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I need to synchronize an IO pin value with a write to a serial port from user space (because I wasn't yet able to do it from kernel space - see my other question). My code (leaving out error checking) is as follows:

char buf[3] = {'U','U','U'};
int fd = open("/dev/ttyS1", O_RDWR | O_NOCTTY); // supposed to be blocking
// fcntl(fd, F_SETFL, fcntl(fd, F_GETFL) & ~O_NONBLOCK); <-- makes no difference
FILE *f = fopen("/sys/class/gpio/gpio200/value", "w"); // the relevant IO

// set IO
fprintf(f, "1");
fflush(f);
// send data 
write(fd, buf, sizeof(buf));
// unset IO
fprintf(f, "0");
fflush(f);

The behavior is that the IO is quickly toggled to 1 and back at the start of the write. In other words, write() returns long before the data has been actually put on the wire.

Is there a hope here?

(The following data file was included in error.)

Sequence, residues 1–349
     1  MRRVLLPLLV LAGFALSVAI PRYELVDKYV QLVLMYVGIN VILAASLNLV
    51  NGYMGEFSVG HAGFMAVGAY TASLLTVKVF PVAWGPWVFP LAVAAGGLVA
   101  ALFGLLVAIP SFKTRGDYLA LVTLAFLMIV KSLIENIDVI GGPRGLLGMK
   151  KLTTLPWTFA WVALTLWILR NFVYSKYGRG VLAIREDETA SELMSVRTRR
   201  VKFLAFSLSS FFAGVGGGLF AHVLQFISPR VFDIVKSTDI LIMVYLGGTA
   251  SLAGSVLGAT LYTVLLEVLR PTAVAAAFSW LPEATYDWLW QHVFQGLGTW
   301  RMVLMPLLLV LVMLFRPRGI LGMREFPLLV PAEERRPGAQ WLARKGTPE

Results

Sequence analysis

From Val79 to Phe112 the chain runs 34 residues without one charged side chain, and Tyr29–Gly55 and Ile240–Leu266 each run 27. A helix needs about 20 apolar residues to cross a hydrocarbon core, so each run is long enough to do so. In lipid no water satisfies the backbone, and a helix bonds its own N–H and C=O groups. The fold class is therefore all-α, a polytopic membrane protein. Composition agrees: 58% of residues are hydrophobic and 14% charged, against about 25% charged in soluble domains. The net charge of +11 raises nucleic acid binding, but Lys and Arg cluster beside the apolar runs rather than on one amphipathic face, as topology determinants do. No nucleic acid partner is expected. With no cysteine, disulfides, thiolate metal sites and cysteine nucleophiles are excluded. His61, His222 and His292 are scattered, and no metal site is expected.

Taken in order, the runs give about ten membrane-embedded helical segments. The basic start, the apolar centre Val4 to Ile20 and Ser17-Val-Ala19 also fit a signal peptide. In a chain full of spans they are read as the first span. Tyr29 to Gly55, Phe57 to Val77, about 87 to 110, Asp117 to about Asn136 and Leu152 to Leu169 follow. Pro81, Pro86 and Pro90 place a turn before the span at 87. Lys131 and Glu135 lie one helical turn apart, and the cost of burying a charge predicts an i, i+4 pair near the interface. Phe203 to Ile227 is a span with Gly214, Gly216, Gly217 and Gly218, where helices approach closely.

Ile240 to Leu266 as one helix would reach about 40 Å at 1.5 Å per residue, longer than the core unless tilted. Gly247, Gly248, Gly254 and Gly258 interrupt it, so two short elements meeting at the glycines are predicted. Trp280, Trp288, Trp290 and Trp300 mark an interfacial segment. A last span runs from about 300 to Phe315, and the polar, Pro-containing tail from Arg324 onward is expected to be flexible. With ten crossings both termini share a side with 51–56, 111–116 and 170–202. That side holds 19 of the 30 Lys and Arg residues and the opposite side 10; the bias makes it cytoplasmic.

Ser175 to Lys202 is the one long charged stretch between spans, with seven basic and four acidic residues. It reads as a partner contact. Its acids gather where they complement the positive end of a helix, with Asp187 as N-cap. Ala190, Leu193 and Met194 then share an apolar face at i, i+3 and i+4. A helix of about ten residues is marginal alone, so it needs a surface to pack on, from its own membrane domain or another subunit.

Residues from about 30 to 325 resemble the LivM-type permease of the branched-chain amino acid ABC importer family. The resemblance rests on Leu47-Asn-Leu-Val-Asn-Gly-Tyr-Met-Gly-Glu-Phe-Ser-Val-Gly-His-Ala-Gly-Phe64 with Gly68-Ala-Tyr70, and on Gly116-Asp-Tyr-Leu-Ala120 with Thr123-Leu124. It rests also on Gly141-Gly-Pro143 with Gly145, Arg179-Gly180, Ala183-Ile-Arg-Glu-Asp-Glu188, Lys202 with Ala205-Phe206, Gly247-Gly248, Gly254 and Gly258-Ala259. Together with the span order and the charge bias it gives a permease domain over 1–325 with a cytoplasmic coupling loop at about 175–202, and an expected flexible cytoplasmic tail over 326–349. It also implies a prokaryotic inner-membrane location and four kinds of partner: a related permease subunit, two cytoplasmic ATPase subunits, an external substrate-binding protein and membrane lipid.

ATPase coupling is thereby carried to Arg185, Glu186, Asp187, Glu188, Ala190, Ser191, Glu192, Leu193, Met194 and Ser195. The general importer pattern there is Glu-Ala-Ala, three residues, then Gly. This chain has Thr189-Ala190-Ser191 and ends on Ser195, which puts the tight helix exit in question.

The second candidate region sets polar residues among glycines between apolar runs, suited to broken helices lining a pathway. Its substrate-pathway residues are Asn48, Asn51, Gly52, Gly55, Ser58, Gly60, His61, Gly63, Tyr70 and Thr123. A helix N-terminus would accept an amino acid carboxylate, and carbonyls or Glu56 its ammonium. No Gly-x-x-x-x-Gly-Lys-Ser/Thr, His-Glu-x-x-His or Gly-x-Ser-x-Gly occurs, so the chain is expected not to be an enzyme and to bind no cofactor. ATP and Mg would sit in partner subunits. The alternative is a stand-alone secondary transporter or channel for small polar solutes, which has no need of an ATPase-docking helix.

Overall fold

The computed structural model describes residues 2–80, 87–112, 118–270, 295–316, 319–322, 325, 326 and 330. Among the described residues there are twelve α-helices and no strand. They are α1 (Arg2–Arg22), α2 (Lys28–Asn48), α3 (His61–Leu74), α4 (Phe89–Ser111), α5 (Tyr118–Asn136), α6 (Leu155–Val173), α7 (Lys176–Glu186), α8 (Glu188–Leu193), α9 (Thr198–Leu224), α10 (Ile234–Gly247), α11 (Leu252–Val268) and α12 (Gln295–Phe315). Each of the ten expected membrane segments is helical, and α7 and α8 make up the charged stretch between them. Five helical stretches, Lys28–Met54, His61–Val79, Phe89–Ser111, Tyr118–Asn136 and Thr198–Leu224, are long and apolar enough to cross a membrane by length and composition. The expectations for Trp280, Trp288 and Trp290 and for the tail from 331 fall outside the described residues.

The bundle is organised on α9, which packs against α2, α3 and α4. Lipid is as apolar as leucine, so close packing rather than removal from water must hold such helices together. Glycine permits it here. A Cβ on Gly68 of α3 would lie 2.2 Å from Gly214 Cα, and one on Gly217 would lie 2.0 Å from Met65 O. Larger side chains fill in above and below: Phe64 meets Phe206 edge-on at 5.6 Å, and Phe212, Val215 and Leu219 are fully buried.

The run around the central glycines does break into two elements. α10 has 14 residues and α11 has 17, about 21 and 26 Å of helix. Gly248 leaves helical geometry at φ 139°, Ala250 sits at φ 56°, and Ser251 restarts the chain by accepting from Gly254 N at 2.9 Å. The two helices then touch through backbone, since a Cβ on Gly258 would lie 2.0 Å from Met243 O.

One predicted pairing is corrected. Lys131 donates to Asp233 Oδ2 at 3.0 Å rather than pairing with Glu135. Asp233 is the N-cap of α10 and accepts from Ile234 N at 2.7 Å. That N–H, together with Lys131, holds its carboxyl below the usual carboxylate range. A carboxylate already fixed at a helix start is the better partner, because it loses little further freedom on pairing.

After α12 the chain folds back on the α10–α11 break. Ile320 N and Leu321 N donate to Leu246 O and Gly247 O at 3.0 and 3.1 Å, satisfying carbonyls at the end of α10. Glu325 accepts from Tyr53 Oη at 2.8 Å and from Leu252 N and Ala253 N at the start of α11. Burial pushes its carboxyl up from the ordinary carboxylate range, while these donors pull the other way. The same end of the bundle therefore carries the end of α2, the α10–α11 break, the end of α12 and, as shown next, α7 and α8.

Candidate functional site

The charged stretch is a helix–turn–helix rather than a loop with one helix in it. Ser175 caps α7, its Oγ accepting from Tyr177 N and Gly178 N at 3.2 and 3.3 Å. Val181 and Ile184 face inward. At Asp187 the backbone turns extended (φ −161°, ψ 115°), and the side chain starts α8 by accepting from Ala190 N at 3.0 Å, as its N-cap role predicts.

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For tty devices, you must use tcdrain() on the file descriptor.

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    According to the kernel source code, the TCSBRK ioctl (which is invoked by the tcdrain library function), returns when the kernel buffer associated with the tty is empty. This means the last byte has been written to the hardware for transmission, but most probably the byte has not been yet been fully put on the wire. In addition, if the hardware UART has an internal buffer, several bytes may be waiting for transmission. – Johan Myréen Aug 31 '18 at 15:28
  • cite? you should always cite the version of the kernel code you looked at, if nothing else. looks like it does to me. elixir.bootlin.com/linux/v4.18/source/drivers/tty/serial/… – sourcejedi Aug 31 '18 at 18:02
  • Yes, it looks like I was wrong, sorry. I misread the code; the driver does indeed do a best effort to query the hardware, if the hardware supports it. – Johan Myréen Aug 31 '18 at 19:48

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